Difference between revisions of "Fork"

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The earliest evidence of forks I've come across is in [[12th Century]] italy (well ok, Venice, since italy didn't exist yet).  
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The earliest evidence of forks I've come across is in [[12th Century]] Italy (well OK, Venice, since Italy didn't exist yet).  
 
Before this time eating utensils were a spoon and a knife.
 
Before this time eating utensils were a spoon and a knife.
  
However, forks were rather slow to take off.  By the [[14th Century]] france had adopted the fork, by england held off adopting these inventions of hte hated foreigners until after the time of henry VIII.
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However, forks were rather slow to take off.  By the [[14th Century]], [[France]] had adopted the fork, but England held off adopting these inventions of the hated foreigners until after the time of [[Henry VIII]].
  
In period times, people mostly used [[two pronged fork]]s. However, three, four, and even five-pronged forks are extant.
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In period times, people primarily used [[two pronged fork]]s. However, three, four, and even five-pronged forks are extant.
  
Since it's rather difficult (and probably non-period) to eat without using your fingers with only a knife and a spoon, a [[serviette]] (or at a pinch a tea towel) is an extremely useful item, as it prevents getting nasty hard to remove grease stains on your [[garb]] from the roast chicken and making the [[hospitaller]] angry if you borrowed the [[garb]].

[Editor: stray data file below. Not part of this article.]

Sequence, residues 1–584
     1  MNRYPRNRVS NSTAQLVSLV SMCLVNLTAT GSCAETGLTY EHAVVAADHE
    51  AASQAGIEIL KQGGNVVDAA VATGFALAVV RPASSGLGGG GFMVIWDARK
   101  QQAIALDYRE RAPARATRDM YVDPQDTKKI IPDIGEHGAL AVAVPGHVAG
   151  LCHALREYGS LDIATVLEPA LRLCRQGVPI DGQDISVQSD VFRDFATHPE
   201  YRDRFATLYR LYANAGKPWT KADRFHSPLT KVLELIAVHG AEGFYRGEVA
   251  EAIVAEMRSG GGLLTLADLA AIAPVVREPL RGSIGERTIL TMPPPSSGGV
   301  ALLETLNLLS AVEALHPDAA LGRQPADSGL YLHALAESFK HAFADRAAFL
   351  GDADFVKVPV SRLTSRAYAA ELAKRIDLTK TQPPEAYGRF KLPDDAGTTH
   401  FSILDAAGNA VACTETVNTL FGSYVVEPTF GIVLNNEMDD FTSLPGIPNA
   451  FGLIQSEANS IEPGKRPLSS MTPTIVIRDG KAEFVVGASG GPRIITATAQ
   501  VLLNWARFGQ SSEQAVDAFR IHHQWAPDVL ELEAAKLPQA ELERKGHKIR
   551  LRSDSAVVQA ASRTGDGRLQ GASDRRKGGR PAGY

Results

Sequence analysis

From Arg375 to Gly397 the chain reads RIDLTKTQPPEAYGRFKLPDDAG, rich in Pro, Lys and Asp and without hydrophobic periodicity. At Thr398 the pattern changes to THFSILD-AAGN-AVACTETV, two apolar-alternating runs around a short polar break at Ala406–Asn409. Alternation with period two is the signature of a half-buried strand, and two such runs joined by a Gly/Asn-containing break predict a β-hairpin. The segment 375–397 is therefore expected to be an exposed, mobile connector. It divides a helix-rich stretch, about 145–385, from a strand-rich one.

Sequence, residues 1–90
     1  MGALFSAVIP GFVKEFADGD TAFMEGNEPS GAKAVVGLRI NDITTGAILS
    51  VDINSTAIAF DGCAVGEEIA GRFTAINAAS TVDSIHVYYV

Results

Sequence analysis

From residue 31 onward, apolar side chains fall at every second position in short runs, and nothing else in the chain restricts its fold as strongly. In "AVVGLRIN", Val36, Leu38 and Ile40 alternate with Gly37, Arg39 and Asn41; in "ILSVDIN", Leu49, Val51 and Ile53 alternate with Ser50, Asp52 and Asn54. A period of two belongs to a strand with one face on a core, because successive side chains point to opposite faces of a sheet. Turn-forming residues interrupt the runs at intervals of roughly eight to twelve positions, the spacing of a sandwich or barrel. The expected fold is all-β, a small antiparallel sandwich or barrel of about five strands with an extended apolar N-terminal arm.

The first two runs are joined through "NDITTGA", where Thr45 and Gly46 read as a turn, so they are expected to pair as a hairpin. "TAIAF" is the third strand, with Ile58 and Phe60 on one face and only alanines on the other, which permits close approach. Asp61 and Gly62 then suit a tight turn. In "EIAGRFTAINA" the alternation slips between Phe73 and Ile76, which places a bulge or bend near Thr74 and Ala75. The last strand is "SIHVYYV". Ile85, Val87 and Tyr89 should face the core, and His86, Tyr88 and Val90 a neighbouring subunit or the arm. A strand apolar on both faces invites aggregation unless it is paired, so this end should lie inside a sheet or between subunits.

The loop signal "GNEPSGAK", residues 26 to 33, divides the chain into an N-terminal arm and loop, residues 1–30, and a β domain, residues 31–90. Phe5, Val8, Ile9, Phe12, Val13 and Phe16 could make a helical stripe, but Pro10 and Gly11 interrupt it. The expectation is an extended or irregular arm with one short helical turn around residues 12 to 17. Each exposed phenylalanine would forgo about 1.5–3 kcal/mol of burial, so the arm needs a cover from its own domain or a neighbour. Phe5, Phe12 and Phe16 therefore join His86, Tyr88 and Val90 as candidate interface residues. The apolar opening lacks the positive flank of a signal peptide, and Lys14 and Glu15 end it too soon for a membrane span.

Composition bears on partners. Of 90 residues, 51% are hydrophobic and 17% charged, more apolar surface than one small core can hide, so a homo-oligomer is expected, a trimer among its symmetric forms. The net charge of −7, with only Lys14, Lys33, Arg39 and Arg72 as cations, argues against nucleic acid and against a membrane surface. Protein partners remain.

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Since it's rather difficult (and probably non-period) to eat without using your fingers with only a knife and a spoon, a [[serviette]] (or at a pinch a tea towel) is an extremely useful item, as it prevents getting nasty hard to remove grease stains on your [[garb]] from the roast chicken and making the [[hospitaller]] angry (if you borrowed the [[garb]]).

Revision as of 21:56, 2 October 2003

The earliest evidence of forks I've come across is in 12th Century Italy (well OK, Venice, since Italy didn't exist yet). Before this time eating utensils were a spoon and a knife.

However, forks were rather slow to take off. By the 14th Century, France had adopted the fork, but England held off adopting these inventions of the hated foreigners until after the time of Henry VIII.

In period times, people primarily used two pronged forks. However, three, four, and even five-pronged forks are extant.

Since it's rather difficult (and probably non-period) to eat without using your fingers with only a knife and a spoon, a serviette (or at a pinch a tea towel) is an extremely useful item, as it prevents getting nasty hard to remove grease stains on your garb from the roast chicken and making the hospitaller angry (if you borrowed the garb).